I usually start off with single line melodies employing the first five notes of the C major scale.

An ideal piece that fits these criteria is that well-known German children song “Hänschen Klein” also known as “Lightly Row.”

To view the music, click on the picture. These are high quality printable scans.


There’re other songs that fit these criteria too. “Mary had a Little Lamb” is one. The first part of Beethoven’s “Ode to Joy” is another one.

The next week, I would add a simple ‘g’ pedal to the melody. The purpose is to get students to practice their free-stroke arpeggios.


For slower students, I don’t give them the music to read. I simply ask them to add an open ‘g’ pedal on the third string after every note, and three after every half note.

At this point, music reading is not the primary objective. Training the fingers is.

After they have mastered this arpeggio version of “Lightly Row,” I apply the same finger pattern to a simple excerpt from a Carulli study simply titled “Prelude.”


This piece expands on the open  ‘g’ pedal idea but now incorporates bass notes. The idea is still to get students to practice finger alternation on different strings.

After the student has mastered “Prelude,” I further expand the ‘g’ pedal concept to double notes played with thumb and fingers.

For this, I teach them this well-known study from Carcassi.


So within the span of about a month, students are able to go from beginner to playing a simple Carcassi study.

Additional thoughts

October 23rd, 2017

An important part of this strategy is to focus on developing the engine of good technique.

This means developing an energy-based technique as opposed to a tone-based technique.

What is the difference between the two?

An energy-based technique focuses on producing energy, the kind of energy you hear in the great virtuosos like John Williams or Paco de Lucia.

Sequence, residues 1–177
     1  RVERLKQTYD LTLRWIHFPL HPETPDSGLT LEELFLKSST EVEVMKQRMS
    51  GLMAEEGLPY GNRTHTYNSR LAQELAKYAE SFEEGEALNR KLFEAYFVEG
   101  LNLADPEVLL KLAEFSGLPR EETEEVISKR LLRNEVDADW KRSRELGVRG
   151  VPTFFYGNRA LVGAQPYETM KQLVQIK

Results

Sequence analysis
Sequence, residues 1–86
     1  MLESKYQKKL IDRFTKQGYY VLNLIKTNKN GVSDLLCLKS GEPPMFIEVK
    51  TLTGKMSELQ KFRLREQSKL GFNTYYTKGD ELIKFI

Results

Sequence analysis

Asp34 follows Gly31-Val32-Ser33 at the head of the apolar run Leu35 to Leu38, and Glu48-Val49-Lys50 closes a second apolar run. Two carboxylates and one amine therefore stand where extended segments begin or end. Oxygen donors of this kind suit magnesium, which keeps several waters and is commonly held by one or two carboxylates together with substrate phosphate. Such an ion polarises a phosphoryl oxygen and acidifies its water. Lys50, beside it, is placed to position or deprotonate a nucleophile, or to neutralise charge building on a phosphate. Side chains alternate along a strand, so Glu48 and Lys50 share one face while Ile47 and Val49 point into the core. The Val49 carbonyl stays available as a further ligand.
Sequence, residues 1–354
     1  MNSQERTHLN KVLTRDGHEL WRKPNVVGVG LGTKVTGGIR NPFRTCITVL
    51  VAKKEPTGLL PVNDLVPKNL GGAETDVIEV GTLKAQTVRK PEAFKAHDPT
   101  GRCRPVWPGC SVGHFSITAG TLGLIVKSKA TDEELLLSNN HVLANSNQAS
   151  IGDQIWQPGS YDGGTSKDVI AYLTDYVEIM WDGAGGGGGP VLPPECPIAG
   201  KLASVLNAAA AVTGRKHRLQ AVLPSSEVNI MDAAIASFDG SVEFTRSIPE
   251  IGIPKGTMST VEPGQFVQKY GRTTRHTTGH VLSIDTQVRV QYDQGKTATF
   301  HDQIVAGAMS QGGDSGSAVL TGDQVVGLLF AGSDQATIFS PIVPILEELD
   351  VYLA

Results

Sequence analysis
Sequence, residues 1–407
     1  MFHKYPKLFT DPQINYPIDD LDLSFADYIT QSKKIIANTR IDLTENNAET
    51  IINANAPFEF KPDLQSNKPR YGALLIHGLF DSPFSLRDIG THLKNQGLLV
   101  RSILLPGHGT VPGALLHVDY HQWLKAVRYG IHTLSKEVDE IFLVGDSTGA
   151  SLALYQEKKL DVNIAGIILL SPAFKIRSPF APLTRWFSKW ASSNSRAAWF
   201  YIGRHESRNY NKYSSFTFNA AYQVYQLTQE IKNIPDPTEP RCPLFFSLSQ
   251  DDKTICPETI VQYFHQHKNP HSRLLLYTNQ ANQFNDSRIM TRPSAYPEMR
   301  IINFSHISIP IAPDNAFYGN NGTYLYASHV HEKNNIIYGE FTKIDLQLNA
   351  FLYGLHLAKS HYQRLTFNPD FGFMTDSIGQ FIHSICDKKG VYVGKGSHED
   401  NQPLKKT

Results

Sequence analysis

When they play, it’s the energy in their playing that makes them so forceful, so compelling.

Tone is the facade that you put on this energy.

But without the energy, all that pretty tone is just so much blandness. Like a pretty face without much depth.

Why is this important to establish?

Because unlike tone, energy-based technique is not easy to develop.

It requires so many things to be perfectly in place.

First, you’ll have to find that sweet spot that will give your hands and fingers optimal positioning.

Then your finger movements have to be finely tuned to follow the natural flows of energy in your body.

And finally you’ll have to internalize all the little tricks that will enable you to produce speed and power effortlessly.

All this can be very hard to achieve if you were to try to micromanage every detail of your technique.

But it’s relatively easy to achieve if you were to simply allow your body to teach itself.

Which is why an essential part of this strategy is not to interfere too much with the inner workings of your hands and fingers.

Don’t try to dictate to your fingers how they can move or not move.

Don’t try to force your hands into any preconceived positions.

Let your body find what works best for it.

And you’ll be amazed at what it can do.

Once you’ve discovered your body’s natural virtuosity and developed that energy-based technique, adding the tone facade is relatively easy.

All you have to do is hear the tone you want in your head and your fingers will be able to produce it.

Maybe not immediately, but when you have that control in your fingers, you will find that they will be able to produce any sound you want with a little practice.